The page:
Perhaps people might read the real data from the insurance industry and stop blaming distracted pedestrians.
The Insurance Institute for Highway Safety (IIHS) has just released its latest status report On foot, at risk and it's not pretty. They find that pedestrians deaths have increased 46 percent since their low point in 2009. In 2016 there were 5,987 fatalities. And their conclusion will be no surprise to regular readers: It's all about design.
The increase has been mostly in urban or suburban areas, at nonintersections, on arterials — busy roads designed mainly to funnel vehicle traffic toward freeways — and in the dark, a new IIHS study shows. Crashes were increasingly likely to involve SUVs and high-horsepower vehicles.
Deaths per 100 crashes increased 19 percent. But the rate of death by SUV went way up.
Although pedestrian crashes most frequently involved cars, fatal single-vehicle crashes involving SUVs increased 81 percent, more than any other type of vehicle. The power of passenger vehicles involved in fatal single-vehicle pedestrian crashes, as measured by the ratio of horsepower to weight, also increased, with larger increases at the top of the scale.
IIHS President David Harkey calls for road diets; safer roads with curb extensions and median islands, and more crosswalks. “When people are forced to walk long distances to the nearest signalized intersection, they are more likely to choose the riskier option of sprinting across multiple lanes of traffic,” Harkey says. “Communities can improve safety by providing more options to safely cross.” He also calls for lower speed limits and more speed cameras to enforce existing rules.
Reliable information on vehicle speeds is not available in fatality data, but IIHS researchers did find that the vehicles involved in fatal pedestrian crashes, like the over- all vehicle fleet, are increasingly powerful. Previous IIHS research has shown that vehicles with higher horsepower-to-weight ratios tend to be driven faster and are more likely to violate posted speed limits.
That previous research is really fascinating; one divides the weight of the car by the horsepower. For example, a Honda Accord in 1981 with a little 75 HP engine had 3.3 HP per 100 pounds of weight; by 2015 it was 50 percent heavier but was up to 185 HP, giving it 5.7 HP per hundred pounds. And the most remarkable statistic is that regardless of speed limits and road design,
A 3-unit increase in horsepower per 100 pounds of vehicle weight was associated with a 38 percent increase in the likelihood of a vehicle exceeding the speed limit by more than 10 mph, a 7.7 percent increase in the likelihood of a vehicle exceeding the speed limit by any amount and a 2.2 percent increase in mean vehicle speed, IIHS found.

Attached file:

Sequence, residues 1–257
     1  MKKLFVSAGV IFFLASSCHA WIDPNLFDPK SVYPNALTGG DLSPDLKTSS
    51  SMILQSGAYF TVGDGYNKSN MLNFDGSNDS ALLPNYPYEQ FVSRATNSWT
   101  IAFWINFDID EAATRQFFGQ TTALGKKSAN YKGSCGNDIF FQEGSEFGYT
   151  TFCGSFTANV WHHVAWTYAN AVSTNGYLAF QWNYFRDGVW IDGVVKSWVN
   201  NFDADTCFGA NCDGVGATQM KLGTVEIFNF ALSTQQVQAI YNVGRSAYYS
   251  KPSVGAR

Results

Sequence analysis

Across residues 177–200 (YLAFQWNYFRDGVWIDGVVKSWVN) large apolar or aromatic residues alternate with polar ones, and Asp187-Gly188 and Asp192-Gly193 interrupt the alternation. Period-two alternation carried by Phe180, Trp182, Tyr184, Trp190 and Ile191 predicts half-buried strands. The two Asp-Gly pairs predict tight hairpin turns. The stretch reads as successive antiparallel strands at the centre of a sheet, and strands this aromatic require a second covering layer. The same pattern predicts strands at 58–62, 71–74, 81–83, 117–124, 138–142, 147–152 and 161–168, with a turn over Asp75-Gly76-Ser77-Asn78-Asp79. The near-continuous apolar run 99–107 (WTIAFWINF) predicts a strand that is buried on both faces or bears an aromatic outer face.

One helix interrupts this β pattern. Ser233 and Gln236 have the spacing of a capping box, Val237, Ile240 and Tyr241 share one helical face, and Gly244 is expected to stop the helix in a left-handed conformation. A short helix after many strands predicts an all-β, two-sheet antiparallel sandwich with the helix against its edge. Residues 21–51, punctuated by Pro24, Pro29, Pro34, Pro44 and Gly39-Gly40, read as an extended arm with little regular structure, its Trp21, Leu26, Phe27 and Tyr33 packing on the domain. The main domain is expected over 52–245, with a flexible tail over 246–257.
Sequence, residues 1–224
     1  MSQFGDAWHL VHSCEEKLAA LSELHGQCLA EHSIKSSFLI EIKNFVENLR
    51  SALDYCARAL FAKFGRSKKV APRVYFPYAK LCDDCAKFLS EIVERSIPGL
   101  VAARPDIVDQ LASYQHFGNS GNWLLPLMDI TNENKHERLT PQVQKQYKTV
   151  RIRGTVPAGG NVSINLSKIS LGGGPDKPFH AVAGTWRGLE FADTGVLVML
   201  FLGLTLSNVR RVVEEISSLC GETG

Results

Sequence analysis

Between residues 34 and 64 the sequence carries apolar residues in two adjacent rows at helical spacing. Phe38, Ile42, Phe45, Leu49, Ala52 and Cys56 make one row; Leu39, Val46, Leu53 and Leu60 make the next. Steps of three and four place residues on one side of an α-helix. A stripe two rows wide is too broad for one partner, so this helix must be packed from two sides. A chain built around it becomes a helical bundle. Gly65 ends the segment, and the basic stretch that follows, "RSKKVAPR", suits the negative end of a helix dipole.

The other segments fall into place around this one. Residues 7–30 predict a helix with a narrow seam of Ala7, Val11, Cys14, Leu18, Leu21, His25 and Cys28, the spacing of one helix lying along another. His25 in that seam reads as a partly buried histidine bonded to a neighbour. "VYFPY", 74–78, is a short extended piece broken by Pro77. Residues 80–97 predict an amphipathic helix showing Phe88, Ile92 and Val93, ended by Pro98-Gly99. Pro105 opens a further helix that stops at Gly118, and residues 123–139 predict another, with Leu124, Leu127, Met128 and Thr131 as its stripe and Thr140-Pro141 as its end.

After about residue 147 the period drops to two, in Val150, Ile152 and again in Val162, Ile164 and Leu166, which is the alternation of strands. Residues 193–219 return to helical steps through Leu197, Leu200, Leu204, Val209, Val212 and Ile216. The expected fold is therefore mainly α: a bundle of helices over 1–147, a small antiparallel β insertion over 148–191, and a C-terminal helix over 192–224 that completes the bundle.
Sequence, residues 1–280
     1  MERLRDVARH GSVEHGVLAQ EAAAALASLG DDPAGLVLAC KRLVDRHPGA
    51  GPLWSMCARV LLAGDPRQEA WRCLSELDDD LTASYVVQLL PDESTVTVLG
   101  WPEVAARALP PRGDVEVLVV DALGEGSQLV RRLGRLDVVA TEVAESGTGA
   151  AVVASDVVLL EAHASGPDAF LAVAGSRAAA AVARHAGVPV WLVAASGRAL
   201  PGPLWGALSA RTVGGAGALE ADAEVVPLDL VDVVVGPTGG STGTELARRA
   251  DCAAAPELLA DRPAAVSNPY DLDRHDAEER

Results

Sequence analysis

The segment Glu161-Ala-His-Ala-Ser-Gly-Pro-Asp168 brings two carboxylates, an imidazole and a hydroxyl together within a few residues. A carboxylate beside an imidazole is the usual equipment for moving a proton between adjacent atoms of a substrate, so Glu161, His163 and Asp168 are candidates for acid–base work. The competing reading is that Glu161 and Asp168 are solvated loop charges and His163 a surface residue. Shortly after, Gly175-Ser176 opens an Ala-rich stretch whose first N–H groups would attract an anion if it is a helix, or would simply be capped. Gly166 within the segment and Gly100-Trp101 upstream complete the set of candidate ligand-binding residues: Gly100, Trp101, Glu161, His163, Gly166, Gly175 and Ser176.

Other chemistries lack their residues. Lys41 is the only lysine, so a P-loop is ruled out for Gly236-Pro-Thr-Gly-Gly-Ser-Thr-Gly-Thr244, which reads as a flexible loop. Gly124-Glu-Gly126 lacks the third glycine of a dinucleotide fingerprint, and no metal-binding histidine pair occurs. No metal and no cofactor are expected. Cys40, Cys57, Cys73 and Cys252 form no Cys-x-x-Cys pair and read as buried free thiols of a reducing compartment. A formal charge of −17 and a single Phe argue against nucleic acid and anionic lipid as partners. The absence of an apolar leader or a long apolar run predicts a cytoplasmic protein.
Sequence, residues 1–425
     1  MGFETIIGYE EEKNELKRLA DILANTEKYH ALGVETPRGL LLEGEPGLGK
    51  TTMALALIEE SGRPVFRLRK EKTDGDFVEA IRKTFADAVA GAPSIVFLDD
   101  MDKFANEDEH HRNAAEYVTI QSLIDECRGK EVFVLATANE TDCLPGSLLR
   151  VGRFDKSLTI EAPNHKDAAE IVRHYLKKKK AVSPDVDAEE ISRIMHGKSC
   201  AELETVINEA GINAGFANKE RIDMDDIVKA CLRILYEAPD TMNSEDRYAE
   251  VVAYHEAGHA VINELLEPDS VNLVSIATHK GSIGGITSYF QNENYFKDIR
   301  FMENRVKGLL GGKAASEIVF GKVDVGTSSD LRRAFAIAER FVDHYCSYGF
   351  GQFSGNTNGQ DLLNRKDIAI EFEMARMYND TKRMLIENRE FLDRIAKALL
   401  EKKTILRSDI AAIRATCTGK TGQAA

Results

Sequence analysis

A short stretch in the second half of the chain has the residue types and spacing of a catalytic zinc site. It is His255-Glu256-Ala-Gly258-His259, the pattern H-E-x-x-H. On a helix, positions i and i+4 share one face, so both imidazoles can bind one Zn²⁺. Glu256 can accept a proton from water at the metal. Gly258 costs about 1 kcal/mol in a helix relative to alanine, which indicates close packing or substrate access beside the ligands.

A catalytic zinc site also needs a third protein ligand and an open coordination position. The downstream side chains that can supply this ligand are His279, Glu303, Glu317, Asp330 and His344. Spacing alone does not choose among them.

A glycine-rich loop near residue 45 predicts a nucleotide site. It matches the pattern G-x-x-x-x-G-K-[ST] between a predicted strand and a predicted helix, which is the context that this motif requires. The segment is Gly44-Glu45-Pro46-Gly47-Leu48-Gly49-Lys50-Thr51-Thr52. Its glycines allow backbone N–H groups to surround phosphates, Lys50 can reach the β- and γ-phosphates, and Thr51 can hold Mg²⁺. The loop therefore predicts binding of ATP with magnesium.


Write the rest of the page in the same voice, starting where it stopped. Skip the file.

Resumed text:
Smart crash prevention systems also can make a difference; Subarus with the optional EyeSight pedestrian protection system had claim rates for pedestrian injuries that were down 35 percent.
Harkey also calls out SUVs and pickups for their terrible design.
Vehicle design changes could help lessen the severity of crashes, especially when it comes to SUVs. These make up an increasingly large percentage of registered vehicles, and previous studies have found that SUVs, pickups and vans are associated with higher risks of pedestrian deaths or severe injuries to pedestrians. Such vehicles have higher and often more vertical front ends than cars and are more likely to strike a pedestrian in the head or chest. Changes in the front-end design of these vehicles could help lessen the severity of injuries when they strike pedestrians.
So, in summary:
- We have more people out there walking and cycling;
- Roads that are designed so that people can drive fast, without enough safe crosswalks that might inconvenience drivers;
- Cars and trucks that are more powerful and are driven faster;
- More SUVs and light trucks that are inherently deadlier by design than passenger cars.
To their everlasting credit, there is not a peep about distracted walking, pedestrians texting or wearing headphones, probably because these are insurance people and they have real data. They put the blame where it belongs: on bad road design, bad vehicle design, and speeding drivers.